FIG. 3 illustrates a second embodiment of the invention essentially similar to the embodiment shown in FIG. 1, except that only one spring element (22) is used.

Although the best mode contemplated for carrying out the present invention has been herein shown and described, it will be understood that modification and variation may be made without departing from what is regarded as the scope of the invention.

Patent Citations
Cited PatentFiling datePublication dateApplicantTitle
US4235427 *May 7, 1979Nov 25, 1980Walter BialobrzeskiSpring
US4379558 *May 1, 1981Apr 12, 1983Utex Industries, Inc.Anti-extrusion packing member
US4795468 *Dec 23, 1987Jan 3, 1989Zimmer, Inc.Mechanism and method for locking a bearing insert to the base of a prosthetic implant
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US5163692 *Jul 15, 1991Nov 17, 1992Furon CompanyOne-piece composite lip seal
Referenced by
Citing PatentFiling datePublication dateApplicantTitle
US5992856 *Dec 12, 1997Nov 30, 1999Bal Seal Engineering Company, Inc.Rotary, reciprocating seals with double spring and separating band rings
US6173964 *Jul 7, 1998Jan 16, 2001Greene, Tweed Of Delaware, Inc.Seal assembly with backup elements having coil springs positioned therein
US6224322 *Nov 16, 1998May 1, 2001A. R. Wilfley & Sons, Inc.Seal assembly for centrifugal pumps with barrier ring
US7004477 *May 21, 2003Feb 28, 2006Freudenberg-Nok General PartnershipReduced load gasket
US7845415Nov 16, 2007Dec 7, 2010T-3 Property Holdings, Inc.Direct connecting downhole control system
US8091648Oct 28, 2010Jan 10, 2012T-3 Property Holdings, Inc.Direct connecting downhole control system
US8104769Dec 11, 2009Jan 31, 2012Seal Science & Technology, LlcBi-directional wellhead seal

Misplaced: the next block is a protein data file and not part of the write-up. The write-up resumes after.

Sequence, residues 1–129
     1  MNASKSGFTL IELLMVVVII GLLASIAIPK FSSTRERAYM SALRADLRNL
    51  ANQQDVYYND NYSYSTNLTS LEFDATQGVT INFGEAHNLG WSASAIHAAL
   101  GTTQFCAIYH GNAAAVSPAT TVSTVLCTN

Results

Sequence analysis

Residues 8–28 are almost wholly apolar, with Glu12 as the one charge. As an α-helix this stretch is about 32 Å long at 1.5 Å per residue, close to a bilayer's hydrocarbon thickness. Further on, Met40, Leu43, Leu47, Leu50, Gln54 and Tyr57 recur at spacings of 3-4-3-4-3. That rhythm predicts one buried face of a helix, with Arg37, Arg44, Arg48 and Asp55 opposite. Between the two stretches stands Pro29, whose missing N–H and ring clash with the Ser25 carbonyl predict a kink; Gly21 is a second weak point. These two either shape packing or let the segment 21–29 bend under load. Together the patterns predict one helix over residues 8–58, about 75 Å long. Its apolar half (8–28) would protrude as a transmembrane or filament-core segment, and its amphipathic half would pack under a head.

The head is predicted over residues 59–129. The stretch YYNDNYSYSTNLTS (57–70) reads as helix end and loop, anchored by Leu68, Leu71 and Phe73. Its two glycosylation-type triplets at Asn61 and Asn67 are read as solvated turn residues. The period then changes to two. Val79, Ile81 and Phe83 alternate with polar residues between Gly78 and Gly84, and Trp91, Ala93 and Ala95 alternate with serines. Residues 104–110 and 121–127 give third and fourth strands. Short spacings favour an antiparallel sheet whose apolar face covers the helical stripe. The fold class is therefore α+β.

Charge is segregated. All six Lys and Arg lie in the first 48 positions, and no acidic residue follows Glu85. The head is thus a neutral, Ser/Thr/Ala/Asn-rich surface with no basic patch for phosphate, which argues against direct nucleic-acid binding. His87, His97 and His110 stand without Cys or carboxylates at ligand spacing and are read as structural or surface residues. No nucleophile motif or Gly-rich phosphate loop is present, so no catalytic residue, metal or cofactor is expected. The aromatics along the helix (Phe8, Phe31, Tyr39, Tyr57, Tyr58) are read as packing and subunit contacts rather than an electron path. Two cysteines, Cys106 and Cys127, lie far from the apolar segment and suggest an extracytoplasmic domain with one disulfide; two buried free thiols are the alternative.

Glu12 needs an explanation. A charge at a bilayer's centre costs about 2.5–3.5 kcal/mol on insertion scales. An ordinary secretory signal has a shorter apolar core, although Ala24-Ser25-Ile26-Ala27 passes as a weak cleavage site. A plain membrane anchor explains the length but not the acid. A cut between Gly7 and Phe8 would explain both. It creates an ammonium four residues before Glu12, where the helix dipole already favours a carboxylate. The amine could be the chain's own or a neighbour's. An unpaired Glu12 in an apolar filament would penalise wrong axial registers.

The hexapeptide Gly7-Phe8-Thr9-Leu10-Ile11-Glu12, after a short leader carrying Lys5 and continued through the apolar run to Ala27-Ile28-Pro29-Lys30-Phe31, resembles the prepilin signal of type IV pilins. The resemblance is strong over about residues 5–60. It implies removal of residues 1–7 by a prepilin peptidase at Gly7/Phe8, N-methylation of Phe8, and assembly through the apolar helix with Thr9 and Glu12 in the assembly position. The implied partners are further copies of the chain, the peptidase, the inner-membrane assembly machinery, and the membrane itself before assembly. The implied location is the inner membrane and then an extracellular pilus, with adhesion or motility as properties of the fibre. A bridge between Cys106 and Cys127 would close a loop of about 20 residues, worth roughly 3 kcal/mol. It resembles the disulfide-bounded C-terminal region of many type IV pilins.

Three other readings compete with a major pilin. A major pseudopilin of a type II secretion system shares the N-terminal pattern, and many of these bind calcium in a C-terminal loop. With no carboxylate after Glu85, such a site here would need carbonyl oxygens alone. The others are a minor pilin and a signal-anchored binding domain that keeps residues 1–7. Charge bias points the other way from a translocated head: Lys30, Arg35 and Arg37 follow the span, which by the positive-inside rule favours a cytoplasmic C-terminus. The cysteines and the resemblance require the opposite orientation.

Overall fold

US8104772Jun 23, 2009Jan 31, 2012Seal Science & Technology, LlcGas turbine nozzle seals for 2000 F. gas containment
US8196649Oct 2, 2008Jun 12, 2012T-3 Property Holdings, Inc.Thru diverter wellhead with direct connecting downhole control
US8201832Sep 8, 2008Jun 19, 2012Cameron International CorporationMulti-elastomer seal
US8800648Jan 11, 2010Aug 12, 2014Cameron International CorporationSeal having stress control groove
US8882066Dec 5, 2011Nov 11, 2014Specialized Seal Design And Distribution, Inc.Buoyant clamp for tubular members
US20040232626 *May 21, 2003Nov 25, 2004David SakataReduced load gasket
US20090166976 *Apr 28, 2006Jul 2, 2009Aeromatic-Fielder AgInflatable seal, set of flange parts and container comprising such seal, and method of manufacturing such seal
US20100270753 *Apr 26, 2010Oct 28, 2010Springseal, Inc.High strength composite pipe gasket
WO2010077888A1 *Dec 16, 2009Jul 8, 2010Seal Science & Technology, LlcBi-directional wellhead seal
Classifications
U.S. Classification277/554, 277/322, 277/556, 277/537
International ClassificationE21B33/04, E21B33/03, E21B33/12, E21B33/00, F16J15/16
Cooperative ClassificationE21B33/04, E21B33/1208, E21B33/03, E21B2033/005, F16J15/166
European ClassificationE21B33/03, F16J15/16D, E21B33/04, E21B33/12F
Legal Events
DateCodeEventDescription
Dec 20, 2001ASAssignment
Dec 28, 2001FPAYFee payment
Year of fee payment: 4
Dec 28, 2005FPAYFee payment
Year of fee payment: 8
Feb 11, 2010FPAYFee payment
Year of fee payment: 12